Forex services and risk are two closely related topics. Currency fluctuations affect the value of assets and can have a direct impact on companies’ financial performance. For example, a US company that pays suppliers and customers in USD faces the risk of currency depreciation. The EUR/USD exchange rate may have a significant impact on the future value of the company. Similarly, the USD exchange rate can negatively affect a company’s short-term, medium-term, and long-term competitiveness.
FX service providers must implement a sound AML/CFT program to minimize the risks and detect money laundering and other criminal activities. The company must perform customer due diligence checks to verify customers’ identity and establish beneficial ownership when dealing with another FX company. Financial institutions that provide FX services must follow the AML regulations of each member state. Money laundering and other criminal activities can be detected by checking customer identification and financial background information. The underlying risk factors for FX services and risk are outlined in the following sections.
The global foreign exchange market is extraordinarily volatile. Events such as the COVID-19 pandemic are just some of the factors that can drive FX volatility. Throughout the past five years, the market has been battered by a toxic mix of circumstances. Brexit, the U.S.-China trade war, and the breakdown of NAFTA negotiations have all been catalysts for volatility and uncertainty. The COVID-19 pandemic, meanwhile, has only added to the risk sundamic. Despite the volatility, developed market currencies remained relatively strong. In more tranquil times, these currencies were relatively stable and relatively safe.
Companies exposed to FX risk should implement hedging strategies to protect themselves from unwanted foreign exchange moves. These strategies typically involve forward contracts, options, and exotic financial products. Forex services and risk management can help protect a company from unwanted movements of its currency. However, currency fluctuations are only one source of FX risk. Those interested in foreign trade should consult with a knowledgeable treasury management professional or a foreign exchange banking professional to determine the best strategy for their business.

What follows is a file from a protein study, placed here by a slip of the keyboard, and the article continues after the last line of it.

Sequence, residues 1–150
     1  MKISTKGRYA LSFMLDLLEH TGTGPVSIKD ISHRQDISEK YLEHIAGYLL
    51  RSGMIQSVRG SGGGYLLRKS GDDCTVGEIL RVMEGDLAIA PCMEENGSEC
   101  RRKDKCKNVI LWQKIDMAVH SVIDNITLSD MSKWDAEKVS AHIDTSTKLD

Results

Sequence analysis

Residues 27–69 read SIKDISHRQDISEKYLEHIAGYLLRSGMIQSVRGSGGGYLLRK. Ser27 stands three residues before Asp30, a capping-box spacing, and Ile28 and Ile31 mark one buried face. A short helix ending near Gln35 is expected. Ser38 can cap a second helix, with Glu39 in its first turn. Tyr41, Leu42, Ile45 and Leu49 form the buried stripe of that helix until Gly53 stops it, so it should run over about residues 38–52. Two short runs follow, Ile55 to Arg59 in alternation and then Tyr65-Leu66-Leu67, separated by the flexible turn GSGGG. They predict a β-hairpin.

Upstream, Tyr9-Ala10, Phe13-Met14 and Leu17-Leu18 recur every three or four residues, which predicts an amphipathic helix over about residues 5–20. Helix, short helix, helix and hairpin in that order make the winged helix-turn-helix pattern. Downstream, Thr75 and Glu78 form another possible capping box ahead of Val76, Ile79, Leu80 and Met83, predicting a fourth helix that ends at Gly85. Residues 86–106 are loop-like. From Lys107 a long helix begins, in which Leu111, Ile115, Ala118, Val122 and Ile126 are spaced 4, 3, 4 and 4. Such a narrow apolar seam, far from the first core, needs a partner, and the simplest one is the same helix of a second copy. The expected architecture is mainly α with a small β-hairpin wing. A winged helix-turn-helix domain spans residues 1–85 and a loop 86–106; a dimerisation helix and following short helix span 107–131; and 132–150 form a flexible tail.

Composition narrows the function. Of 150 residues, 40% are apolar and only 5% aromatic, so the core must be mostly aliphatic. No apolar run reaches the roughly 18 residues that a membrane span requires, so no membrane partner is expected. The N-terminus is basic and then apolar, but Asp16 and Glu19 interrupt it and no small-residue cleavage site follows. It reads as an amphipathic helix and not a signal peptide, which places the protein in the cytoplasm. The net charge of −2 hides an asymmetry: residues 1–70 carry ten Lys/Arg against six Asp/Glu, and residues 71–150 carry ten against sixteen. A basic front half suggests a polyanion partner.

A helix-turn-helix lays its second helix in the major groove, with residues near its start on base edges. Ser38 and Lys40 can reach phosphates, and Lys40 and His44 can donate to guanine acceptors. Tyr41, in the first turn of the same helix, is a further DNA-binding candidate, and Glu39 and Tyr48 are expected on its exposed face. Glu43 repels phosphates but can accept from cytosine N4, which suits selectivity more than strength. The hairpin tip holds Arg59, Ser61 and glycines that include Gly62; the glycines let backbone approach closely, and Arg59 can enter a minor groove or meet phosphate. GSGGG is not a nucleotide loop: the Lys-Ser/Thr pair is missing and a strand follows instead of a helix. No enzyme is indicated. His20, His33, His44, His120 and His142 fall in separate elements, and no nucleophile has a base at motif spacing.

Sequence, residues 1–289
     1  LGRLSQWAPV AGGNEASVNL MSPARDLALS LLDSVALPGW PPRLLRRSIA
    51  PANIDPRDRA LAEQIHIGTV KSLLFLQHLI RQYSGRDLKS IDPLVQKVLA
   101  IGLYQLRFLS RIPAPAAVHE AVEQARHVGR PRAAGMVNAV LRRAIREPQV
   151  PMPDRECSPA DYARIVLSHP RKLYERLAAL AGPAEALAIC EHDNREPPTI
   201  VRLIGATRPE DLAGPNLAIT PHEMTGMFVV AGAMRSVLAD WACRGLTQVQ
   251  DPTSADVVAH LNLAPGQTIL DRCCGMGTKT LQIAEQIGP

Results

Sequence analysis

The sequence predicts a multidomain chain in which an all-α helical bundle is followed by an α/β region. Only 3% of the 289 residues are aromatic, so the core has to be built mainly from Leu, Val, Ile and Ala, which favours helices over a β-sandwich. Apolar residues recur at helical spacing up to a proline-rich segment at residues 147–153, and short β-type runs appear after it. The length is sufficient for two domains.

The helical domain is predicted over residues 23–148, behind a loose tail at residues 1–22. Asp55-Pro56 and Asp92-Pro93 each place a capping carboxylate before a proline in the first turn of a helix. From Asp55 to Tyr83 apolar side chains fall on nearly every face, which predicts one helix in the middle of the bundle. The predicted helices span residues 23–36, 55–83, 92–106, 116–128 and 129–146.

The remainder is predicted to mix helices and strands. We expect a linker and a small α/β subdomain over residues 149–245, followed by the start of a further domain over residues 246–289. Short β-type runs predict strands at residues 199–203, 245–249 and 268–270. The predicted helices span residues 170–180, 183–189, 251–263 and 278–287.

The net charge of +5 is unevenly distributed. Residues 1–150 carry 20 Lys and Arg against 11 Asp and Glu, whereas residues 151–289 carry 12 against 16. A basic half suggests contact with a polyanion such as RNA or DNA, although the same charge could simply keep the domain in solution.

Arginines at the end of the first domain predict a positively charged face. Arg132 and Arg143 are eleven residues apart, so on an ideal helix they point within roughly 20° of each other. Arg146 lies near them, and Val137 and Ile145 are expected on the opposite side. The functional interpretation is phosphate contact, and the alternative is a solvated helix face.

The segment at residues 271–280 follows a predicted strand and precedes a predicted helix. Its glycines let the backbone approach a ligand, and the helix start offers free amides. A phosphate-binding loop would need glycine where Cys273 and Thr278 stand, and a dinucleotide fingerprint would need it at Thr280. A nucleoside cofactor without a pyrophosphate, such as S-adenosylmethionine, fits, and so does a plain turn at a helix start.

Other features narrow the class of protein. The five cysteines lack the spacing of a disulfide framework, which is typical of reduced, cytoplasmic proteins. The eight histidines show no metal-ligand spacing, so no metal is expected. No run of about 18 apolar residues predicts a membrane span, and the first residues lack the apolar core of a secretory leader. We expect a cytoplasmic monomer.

Hedging strategies are critical for a firm’s international operations. Hedging strategies reduce a company’s exposure to FX market volatility by hedging its assets and cash flows in reporting currency. In addition, companies can reduce their exposure to market volatility through various operational techniques, such as currency invoicing and leading and lagging of payments and receipts. A third type of risk management strategy is to manage the exposure to currency fluctuations through risk management models such as cash flow at risk and earnings at stake.
While hedging can reduce the company’s FX rate risk, the process can be expensive and time-consuming. To minimize FX exposure, companies should determine the currency in which they are most exposed. By identifying the major exposures to FX risk, businesses can implement tactics that reduce the overall exposure. One example is pricing their products in their local currency, which helps pass on the FX risk to customers. While hedging does incur a small loss, it can protect the company from a major rate swing.